Emily’s Post

She wants the truth known about a long-rumored family secret

Take a deep breath and be mature and open-minded about your perceived problem. Let sleeping dogs lie

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DEAR EMILY,

I have a good and happy family, even though my father is separated from us. My maternal aunt and her grown-up son live next door to us. She is a single mother and has never told anyone who the father of her son is.

My cousin looks exactly like my father but he has never acknowledged him as his son. There have been rumors on both sides of our family about the paternity of my cousin for as long as I can remember. My aunt used to live with us before my parents separated, until one day she just left because she got pregnant.

We never gave this mystery much thought until we moved next door to them. My cousin’s girlfriend saw a graduation picture of my cousin with my father where our family was not invited. I remember my father talking to my aunt quietly on the phone and stopping if people would pass by.

My mother has asked both my father and my aunt point-blank about the rumor but neither has ever confessed. We think both are just too embarrassed to admit the truth.

Short of my cousin filing an action in court, what can we do to make my aunt or my father tell us the truth? What can we do to make my father stop lying and own up to his responsibility? We just hope to make things clear.

IT’S COMPLICATED

What is the problem here? That your aunt doesn’t want to divulge the paternity of her son? That your father wouldn’t confess he fathered this boy? That the boy is an uncanny doppelganger of your father—for comfort?

You said your father is separated from your family, and is clearly living the life he wishes. Why is there too much hand-wringing from your side, or is it only you that’s having this problem? What will it accomplish if your cousin turns out to be your half-brother? Are you worried he’d get a piece of the family pie? Is there much at stake?

If there’s no pile to talk about, is it just your curiosity that is killing you which you want resolved?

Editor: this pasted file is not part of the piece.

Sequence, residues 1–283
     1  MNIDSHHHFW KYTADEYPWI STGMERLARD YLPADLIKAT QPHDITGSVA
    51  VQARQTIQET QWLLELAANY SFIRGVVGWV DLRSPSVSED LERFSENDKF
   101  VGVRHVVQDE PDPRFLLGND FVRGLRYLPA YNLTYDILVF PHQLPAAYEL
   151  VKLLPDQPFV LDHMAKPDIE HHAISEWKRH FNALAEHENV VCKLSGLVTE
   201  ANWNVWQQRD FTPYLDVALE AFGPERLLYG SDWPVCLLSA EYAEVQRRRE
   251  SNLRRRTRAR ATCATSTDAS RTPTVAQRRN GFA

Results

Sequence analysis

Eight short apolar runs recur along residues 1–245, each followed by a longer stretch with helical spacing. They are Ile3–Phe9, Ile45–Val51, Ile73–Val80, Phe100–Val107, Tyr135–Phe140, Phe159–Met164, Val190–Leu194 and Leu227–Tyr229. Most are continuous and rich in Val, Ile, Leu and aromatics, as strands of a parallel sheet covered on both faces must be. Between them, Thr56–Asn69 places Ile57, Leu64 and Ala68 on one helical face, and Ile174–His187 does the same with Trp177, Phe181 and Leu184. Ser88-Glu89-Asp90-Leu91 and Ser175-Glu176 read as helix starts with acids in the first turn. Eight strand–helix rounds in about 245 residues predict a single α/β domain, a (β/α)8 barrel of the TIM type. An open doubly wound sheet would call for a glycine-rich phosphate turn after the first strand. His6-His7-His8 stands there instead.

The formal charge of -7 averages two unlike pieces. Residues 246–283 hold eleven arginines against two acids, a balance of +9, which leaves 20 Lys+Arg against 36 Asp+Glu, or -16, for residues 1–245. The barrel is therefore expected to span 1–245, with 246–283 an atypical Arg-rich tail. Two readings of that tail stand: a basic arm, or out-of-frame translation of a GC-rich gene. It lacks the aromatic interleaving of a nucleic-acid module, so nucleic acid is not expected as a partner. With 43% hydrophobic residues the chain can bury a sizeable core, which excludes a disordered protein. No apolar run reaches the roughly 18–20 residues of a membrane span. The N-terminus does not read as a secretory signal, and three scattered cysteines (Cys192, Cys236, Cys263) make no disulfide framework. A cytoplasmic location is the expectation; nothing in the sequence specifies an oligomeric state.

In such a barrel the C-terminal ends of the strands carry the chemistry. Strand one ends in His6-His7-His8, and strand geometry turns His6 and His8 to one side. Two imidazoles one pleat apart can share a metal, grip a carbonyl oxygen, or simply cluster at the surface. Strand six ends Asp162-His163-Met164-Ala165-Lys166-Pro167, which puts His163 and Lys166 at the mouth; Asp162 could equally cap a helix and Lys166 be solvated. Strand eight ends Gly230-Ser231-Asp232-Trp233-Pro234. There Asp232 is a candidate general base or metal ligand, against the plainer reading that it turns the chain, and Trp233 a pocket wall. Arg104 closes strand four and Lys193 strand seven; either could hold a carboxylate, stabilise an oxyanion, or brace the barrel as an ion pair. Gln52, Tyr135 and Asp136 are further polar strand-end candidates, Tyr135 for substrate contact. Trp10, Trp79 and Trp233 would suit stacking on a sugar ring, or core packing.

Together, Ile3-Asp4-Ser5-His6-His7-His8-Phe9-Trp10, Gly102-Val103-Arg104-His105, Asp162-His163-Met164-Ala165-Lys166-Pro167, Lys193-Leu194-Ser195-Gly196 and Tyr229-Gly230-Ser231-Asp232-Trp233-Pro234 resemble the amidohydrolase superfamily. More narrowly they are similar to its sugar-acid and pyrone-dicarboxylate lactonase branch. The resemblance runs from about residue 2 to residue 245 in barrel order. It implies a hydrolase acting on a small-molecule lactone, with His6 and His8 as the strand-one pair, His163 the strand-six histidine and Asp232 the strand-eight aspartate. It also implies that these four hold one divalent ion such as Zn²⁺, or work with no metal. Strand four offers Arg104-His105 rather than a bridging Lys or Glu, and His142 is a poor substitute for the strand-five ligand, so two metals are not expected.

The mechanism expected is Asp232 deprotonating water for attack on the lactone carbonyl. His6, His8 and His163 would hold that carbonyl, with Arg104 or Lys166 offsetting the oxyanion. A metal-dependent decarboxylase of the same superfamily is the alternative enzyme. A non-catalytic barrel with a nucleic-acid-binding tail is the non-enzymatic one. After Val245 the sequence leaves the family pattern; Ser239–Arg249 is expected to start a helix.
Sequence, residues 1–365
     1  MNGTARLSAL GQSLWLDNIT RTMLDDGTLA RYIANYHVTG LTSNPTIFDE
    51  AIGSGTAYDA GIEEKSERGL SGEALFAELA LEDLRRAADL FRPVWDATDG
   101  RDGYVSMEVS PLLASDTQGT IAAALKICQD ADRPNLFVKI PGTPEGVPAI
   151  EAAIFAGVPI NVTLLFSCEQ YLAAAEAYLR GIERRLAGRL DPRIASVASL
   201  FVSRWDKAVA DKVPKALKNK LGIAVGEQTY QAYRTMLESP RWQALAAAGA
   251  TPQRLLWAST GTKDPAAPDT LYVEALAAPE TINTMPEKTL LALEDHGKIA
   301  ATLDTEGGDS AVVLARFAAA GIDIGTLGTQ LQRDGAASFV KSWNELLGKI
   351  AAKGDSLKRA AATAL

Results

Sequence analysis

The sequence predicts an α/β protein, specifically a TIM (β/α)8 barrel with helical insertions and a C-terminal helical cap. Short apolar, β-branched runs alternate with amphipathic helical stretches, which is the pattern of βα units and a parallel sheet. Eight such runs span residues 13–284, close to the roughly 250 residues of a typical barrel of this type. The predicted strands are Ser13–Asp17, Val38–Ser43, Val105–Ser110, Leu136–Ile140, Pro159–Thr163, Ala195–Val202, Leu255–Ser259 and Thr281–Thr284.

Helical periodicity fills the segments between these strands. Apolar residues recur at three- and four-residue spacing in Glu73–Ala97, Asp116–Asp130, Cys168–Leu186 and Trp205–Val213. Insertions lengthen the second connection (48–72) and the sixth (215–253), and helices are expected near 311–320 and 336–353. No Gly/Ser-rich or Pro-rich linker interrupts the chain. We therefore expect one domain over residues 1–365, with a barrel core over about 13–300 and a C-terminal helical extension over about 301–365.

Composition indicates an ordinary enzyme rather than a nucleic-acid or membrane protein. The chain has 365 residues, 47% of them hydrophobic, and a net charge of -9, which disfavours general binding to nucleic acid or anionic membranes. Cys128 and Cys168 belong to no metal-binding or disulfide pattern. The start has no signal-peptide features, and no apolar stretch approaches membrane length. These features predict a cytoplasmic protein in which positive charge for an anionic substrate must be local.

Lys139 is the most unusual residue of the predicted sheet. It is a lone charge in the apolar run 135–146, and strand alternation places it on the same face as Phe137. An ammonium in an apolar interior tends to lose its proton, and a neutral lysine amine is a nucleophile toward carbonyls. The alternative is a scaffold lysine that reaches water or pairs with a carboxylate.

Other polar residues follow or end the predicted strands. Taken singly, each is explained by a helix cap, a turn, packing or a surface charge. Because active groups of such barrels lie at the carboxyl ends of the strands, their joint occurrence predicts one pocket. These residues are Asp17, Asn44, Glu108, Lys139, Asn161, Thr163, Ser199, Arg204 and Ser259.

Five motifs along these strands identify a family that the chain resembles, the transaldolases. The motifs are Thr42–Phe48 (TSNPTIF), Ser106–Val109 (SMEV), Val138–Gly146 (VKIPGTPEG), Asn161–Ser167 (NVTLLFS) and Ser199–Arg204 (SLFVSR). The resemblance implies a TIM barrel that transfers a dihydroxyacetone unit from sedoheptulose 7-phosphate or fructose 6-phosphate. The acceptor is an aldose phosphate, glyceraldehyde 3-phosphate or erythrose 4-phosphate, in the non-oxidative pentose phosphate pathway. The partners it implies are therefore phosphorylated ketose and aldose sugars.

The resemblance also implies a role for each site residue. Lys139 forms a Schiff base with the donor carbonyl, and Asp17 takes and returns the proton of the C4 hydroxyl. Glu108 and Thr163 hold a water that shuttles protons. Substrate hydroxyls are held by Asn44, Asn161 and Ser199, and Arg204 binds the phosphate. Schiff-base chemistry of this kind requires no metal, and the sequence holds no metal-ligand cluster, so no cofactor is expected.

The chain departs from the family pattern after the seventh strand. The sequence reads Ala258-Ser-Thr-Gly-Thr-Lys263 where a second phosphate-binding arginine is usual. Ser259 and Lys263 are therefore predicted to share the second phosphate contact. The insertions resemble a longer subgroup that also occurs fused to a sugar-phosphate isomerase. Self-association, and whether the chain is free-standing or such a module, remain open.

If neither your aunt nor cousin is bothering anyone, why even bring up going to court? Is there a crime involved? It is your aunt’s prerogative to keep a secret, her choice to the death, if she so desires.

And how do you know she hasn’t bared the truth to her son? Has anyone been privy to their most private conversation? It involves just the two of them, and it’s nobody’s business but theirs. And there is nothing anyone can do about it.

Take a deep breath and be mature and open-minded about your perceived problem. Let sleeping dogs lie. Nobody is going to die if you never find out the truth.

E-mail the author at emarcelo@inquirer.com.ph or emarcelo629@gmail.com.

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  • gudwil2all

    you already know the answer
    you just don’t want to accept it

  • RaymondEXMEN

    he is your brother ..

  • orlypbatallones

    You are exactly correct Emily..

  • nizon

    dna test

  • lebabski

    funny that almost 90% of the answer consisted of berating the asker instead of actually giving advice on what options he/she can do

  • Mux

    I totally disagree with Emily on this one. The asker has the right to know. There are not only legal and financial implications, there are health implications as well. What if the asker will one day need an organ donor and her “brother” has the only compatible one? Don’t just dismiss this Emily. This is not just an emotional issue. There are practical considerations as well.

    • Badudels

      in the premise that they are cousins, i think one can donated organ if they are compatible. not just they are siblings.

      • Mux

        The chances are less if they are cousins and more if they are directly related.

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